Fewer than a couple of dozen suspected Canadian cases of monkeypox are currently being investigated at the national microbiology laboratory.
Chief Public Health Officer Dr. Theresa Tam says the cases are mainly in Quebec. A couple of contacts were followed up in British Columbia as well, but those were determined not to be.
“We understand from other countries that are reporting cases that the current monkeypox strain, or clade, is the West African clade. We have not yet confirmed that in Canada,” she says.
However, Tam says two cases are confirmed in Canada. With the samples being processed at the national microbiology lab today, Tam says we could see more confirmations in the coming hours and days.
The World Health Organization says monkeypox has so far been reported in 11 countries that normally don’t have the disease. WHO officials say as of Friday, there are about 80 confirmed cases and 50 pending investigations. Tam says the extent of the spread of monkeypox in Canada is currently unknown, but officials do know that the virus is generally spread through close contact.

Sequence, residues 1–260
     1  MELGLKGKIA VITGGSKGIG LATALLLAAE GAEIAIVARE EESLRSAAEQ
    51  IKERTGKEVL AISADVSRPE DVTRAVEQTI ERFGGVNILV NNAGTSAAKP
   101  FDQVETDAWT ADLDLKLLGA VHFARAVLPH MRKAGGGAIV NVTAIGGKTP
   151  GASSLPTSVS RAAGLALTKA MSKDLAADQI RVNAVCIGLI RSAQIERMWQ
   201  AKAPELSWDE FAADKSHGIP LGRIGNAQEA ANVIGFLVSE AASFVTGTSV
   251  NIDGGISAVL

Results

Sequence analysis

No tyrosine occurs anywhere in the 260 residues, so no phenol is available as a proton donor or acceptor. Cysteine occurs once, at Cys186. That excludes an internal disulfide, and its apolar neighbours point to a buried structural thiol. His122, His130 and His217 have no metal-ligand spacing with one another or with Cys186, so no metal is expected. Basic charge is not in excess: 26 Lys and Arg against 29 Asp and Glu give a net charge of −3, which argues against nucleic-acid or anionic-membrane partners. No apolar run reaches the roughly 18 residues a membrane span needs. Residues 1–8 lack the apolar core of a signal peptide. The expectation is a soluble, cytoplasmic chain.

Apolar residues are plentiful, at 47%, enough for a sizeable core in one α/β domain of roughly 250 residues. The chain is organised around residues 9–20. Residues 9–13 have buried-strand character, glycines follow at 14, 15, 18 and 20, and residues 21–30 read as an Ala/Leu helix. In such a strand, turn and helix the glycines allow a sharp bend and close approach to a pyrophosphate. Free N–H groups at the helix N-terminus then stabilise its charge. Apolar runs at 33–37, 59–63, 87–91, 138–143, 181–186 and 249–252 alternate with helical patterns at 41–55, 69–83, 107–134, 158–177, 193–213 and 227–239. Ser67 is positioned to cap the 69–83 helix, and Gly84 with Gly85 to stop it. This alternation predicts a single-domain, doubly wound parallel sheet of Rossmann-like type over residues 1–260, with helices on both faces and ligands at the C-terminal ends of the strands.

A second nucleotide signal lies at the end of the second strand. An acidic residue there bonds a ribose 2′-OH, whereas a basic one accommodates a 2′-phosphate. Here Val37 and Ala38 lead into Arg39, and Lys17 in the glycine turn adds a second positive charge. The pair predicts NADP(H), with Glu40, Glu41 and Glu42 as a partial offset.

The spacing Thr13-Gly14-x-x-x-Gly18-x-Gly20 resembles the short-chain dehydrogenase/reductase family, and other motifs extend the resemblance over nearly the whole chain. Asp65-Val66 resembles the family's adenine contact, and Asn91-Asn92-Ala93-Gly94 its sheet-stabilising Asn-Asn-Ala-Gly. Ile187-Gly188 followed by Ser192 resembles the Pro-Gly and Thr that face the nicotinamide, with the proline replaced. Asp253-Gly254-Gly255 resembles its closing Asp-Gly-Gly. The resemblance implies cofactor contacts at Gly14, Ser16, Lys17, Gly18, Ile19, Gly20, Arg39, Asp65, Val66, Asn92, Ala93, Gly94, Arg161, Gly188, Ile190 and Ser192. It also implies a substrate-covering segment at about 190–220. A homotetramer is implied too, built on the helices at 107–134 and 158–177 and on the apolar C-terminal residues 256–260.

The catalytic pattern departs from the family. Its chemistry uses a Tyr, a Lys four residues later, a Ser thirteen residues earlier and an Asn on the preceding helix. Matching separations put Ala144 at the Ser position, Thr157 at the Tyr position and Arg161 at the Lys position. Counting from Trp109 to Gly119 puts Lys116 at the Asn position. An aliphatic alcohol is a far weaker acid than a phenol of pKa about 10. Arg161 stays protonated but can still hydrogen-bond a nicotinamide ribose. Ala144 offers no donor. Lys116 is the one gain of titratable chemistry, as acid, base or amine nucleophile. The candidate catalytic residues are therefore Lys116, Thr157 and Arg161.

Tam says the vaccines currently being investigated by Health Canada for monkeypox were originally developed for smallpox which was declared eradicated by the WHO in 1980.
“One of the vaccines seems to have an effect on monkeypox as well. So there hasn’t essentially been a clinical trial of the vaccines against monkeypox itself but I think based on what we know globally the smallpox vaccines can be applied to monkeypox. In particular, there is one that has monkeypox included in its labeling.”
Tam says Health Canada is having discussions internationally but also with provincial counterparts around potential use. She says the country has a limited supply of the smallpox vaccine but was not able to disclose the exact number based on security reasons.
1/4 A lot of comments re: #monkeypox (MPX) doesn’t spread efficiently. While this event is serious and vigilance is essential, monkeypox is considered to have limited spread compared to other viruses (e.g. COVID-19, influenza, measles, etc.) https://t.co/Obv9uTv4L6
— Dr. Theresa Tam (@CPHO_Canada) May 20, 2022
***With files from Mo Fahim